For graduate students interested in an academic career, Professor Lennard J. Davis recently offered some excellent advice in the Chronicle of Higher Education. That advice included the following:
I tell my students to plan their dissertation committees with the job search in mind. They should pick professors who not only are skilled in the field of the dissertation, but who also have national and international reputations. Letters from those professors will count a great deal. And as these things go, letters from full professors will count more than letters from associate professors, and so on down the line.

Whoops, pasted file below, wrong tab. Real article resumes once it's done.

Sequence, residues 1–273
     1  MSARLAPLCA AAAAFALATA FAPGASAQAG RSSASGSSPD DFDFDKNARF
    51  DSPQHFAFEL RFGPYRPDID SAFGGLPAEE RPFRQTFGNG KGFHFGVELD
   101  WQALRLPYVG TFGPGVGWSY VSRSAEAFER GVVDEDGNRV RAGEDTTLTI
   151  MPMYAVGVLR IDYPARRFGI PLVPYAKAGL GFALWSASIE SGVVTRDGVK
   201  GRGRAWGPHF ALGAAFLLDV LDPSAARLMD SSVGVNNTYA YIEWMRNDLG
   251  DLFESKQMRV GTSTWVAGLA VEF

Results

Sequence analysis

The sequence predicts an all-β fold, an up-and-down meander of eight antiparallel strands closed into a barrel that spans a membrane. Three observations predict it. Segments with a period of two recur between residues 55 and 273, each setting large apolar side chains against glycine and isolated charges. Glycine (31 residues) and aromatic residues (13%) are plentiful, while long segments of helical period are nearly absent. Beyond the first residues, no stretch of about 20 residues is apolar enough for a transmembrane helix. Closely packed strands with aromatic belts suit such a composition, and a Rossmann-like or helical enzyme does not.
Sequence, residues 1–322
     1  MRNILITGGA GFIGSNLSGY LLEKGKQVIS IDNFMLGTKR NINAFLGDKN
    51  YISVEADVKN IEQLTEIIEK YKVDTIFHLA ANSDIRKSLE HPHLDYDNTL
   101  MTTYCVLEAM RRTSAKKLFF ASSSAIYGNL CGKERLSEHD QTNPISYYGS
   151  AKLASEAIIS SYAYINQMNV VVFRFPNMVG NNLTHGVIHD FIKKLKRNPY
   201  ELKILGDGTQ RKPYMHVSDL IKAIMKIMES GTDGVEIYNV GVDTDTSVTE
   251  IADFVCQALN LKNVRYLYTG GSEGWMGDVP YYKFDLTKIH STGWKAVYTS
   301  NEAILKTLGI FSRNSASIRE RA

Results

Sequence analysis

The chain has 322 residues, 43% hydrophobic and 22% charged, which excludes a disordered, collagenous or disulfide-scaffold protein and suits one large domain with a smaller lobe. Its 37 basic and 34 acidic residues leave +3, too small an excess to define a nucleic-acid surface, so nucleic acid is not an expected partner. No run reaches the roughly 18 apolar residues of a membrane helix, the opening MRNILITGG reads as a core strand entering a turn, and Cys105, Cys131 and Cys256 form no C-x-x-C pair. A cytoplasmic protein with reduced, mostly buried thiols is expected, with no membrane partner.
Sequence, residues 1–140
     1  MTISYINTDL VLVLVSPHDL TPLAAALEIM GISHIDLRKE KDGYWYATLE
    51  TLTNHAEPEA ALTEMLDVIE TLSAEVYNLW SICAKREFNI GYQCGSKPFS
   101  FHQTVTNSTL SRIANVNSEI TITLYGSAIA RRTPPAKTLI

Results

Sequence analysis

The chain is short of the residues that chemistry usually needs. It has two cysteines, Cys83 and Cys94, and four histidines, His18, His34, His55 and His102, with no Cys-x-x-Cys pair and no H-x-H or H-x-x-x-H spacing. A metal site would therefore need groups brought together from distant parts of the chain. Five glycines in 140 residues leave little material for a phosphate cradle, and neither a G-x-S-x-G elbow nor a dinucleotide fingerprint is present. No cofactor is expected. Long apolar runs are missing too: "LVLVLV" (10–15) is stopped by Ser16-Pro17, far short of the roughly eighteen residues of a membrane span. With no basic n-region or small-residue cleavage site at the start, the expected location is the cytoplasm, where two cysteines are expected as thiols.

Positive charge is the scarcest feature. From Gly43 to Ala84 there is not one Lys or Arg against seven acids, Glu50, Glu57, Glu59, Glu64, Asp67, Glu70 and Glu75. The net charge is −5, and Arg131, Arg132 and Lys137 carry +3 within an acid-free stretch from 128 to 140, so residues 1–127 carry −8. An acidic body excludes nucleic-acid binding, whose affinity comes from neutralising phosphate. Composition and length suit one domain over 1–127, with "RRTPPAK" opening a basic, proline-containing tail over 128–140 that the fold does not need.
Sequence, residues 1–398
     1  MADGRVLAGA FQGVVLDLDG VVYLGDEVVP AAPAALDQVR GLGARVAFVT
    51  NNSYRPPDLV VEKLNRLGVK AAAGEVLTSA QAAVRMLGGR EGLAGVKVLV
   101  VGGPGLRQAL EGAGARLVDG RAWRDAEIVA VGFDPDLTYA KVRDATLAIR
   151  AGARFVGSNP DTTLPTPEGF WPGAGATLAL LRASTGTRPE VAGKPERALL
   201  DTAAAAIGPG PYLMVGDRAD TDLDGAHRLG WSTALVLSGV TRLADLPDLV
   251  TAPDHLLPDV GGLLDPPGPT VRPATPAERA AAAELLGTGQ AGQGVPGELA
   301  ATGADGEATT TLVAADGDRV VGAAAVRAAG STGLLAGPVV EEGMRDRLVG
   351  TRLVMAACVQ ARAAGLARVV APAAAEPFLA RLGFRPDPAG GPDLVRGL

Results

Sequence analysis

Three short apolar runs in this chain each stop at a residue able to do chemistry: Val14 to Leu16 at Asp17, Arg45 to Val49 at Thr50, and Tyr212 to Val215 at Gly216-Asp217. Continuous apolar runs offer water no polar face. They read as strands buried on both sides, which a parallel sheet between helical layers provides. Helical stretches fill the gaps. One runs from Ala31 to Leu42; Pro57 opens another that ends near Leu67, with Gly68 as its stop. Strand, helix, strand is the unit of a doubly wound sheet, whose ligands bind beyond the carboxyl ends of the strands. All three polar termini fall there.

Note the emphasis on reputation and hierarchy. Professor Davis, who teaches at the University of Illinois at Chicago, is refreshingly honest and would make a good adviser for that reason alone. Even better, all of his degrees are from Columbia. Unfortunately, the most understanding professors with the time and willingness to shepherd you through a graduate program are rarely those with the biggest reputations and most fashionable credentials.